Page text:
Political Smears in 2020 are Tame Compared with the Past

As the 2020 Presidential campaign winds down, the slurs and mud-slinging are picking up.

Joe Biden calls President Trump a clown and a xenophobe. Donald Trump calls Biden corrupt and “sleepy Joe.” Liberals call conservatives white supremacists and racists. Conservatives call liberals leftist lunatics and fanatical communists.

Pretty nasty stuff, right?

Not really; not when you look at the kind of mudslinging gutter politics that existed in the 19th Century and the early part of the 20th Century.

I happened upon some of these gems of abuse when I was conducting research for my Finding Billy Battles trilogy.

For example, as I was looking for information about President William McKinley and Woodrow Wilson, I discovered modern politicians have a long way to go to best their counterparts from 100 and 200 years ago when it comes to personal attacks and world-class mudslinging.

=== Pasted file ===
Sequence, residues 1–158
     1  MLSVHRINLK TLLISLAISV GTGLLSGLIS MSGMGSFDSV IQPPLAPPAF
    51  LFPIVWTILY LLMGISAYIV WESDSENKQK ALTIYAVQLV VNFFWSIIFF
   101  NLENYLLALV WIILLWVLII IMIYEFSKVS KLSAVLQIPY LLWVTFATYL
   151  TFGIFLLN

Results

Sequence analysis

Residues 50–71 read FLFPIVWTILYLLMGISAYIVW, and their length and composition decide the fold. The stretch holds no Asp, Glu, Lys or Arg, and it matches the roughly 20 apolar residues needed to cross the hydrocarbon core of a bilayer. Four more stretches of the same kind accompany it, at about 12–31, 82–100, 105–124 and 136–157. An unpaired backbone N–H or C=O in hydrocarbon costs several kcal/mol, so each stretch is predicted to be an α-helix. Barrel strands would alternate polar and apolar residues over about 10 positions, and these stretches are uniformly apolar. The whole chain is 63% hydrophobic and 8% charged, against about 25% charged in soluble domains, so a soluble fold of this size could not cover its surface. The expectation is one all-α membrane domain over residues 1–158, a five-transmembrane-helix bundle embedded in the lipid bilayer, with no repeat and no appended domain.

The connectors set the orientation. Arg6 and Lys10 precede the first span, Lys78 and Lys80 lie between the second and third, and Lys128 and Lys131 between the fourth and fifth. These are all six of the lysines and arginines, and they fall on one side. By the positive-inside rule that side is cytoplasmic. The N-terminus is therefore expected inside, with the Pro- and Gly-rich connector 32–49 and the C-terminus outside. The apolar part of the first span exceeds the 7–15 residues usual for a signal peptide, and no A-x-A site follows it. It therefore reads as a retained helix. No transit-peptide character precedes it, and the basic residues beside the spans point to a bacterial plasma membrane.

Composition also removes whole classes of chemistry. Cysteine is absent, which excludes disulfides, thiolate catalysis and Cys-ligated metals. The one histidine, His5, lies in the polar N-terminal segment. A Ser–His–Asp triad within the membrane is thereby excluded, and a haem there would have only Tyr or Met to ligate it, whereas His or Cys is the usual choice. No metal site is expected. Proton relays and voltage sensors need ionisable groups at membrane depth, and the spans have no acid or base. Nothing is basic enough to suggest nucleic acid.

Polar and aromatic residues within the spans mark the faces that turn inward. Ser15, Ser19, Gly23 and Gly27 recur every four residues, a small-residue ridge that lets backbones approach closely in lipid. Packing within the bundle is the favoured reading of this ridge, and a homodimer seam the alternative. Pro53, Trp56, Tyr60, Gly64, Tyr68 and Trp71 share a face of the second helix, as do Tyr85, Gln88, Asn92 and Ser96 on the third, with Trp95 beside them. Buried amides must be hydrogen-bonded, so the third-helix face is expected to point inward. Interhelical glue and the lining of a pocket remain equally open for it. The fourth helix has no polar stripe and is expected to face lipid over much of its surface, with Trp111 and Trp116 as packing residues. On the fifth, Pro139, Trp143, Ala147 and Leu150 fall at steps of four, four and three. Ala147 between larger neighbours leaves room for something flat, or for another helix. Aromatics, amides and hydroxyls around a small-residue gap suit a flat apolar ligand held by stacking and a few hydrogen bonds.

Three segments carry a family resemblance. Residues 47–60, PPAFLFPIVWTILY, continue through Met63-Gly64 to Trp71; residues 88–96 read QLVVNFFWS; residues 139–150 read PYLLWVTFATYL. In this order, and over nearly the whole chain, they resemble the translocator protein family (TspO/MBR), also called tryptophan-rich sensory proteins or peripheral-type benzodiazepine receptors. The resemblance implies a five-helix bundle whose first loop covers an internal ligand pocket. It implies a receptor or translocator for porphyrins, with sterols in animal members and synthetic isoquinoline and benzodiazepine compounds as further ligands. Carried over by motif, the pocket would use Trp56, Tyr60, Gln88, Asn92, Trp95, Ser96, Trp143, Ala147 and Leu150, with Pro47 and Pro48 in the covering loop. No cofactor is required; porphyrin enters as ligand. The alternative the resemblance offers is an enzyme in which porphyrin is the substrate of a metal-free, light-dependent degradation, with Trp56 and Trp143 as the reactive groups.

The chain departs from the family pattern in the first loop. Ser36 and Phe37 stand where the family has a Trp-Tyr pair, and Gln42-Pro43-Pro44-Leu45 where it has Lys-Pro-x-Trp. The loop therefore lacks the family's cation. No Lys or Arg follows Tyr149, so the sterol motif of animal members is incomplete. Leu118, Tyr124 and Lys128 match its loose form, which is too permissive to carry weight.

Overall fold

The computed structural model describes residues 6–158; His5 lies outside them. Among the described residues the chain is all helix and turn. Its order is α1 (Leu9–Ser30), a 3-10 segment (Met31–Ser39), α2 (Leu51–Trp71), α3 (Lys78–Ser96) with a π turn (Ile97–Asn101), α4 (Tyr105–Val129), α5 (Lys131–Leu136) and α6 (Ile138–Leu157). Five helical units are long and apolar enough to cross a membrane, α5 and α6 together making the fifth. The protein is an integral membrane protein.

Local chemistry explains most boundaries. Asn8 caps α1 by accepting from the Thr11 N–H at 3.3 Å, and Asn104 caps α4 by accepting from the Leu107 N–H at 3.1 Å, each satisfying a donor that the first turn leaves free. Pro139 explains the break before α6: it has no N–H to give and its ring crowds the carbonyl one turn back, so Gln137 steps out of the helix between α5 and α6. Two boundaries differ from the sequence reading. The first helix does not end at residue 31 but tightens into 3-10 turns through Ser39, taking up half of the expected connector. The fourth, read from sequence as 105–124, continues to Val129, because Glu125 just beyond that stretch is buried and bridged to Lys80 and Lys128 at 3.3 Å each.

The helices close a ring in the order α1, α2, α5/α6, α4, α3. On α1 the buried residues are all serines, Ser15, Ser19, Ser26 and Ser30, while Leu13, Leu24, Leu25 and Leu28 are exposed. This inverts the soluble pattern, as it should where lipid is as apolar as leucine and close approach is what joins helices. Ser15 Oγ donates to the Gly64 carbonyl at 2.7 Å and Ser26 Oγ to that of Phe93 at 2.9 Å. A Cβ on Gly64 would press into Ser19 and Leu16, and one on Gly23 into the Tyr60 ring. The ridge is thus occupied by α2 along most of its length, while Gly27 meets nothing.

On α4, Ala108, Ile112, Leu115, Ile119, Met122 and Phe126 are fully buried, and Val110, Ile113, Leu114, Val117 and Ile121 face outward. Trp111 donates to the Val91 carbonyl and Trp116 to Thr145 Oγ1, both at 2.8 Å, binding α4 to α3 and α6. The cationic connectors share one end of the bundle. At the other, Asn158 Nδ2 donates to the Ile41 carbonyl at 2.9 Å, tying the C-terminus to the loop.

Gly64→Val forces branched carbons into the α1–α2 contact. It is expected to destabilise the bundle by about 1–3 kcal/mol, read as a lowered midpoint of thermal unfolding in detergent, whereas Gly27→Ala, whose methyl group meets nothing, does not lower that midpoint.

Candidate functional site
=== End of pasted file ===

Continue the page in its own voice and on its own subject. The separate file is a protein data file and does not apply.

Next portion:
Just take a look at some of these zingers:

In 1898, while serving as Assistant Secretary of the U.S. Navy, Theodore Roosevelt became convinced that President William McKinley was a “vacillator.” He said of the President, “McKinley has no more backbone than a chocolate eclair.” Ironically, in 1900 Roosevelt became McKinley’s Vice Presidential Running Mate.

Reminds me of the relationship between Joe Biden and Kamala Harris. During the Democratic Presidential debates, Harris implied that Biden was a racist for opposing busing decades ago.

During the election of 1884 between Democrat Grover Cleveland and Republican James G. Blaine, Blaine’s camp jumped on the fact that Cleveland had sired a child out of wedlock (obviously a much greater transgression then than now).

The Blaine camp came up with this little ditty to celebrate Cleveland’s indiscretion: “Ma, Ma, Where’s My Pa? Gone to the White House, Ha ha ha.”

 

Ma, Ma Where’s My Pa?

Not to be outdone, Cleveland’s handlers responded with this little ode: “Blaine, Blaine, James G. Blaine, the Continental Liar from the State of Maine.”

Turning the clock back even further, we see that the 1800 campaign between Thomas Jefferson and John Adams was no walk in the political park.

In that election (the only in American history where a vice-president ran against a sitting president), Jefferson called Adams a “repulsive pedant” and a “hideous hermaphroditical character which has neither the force and firmness of a man nor the gentleness and sensibility of a woman.”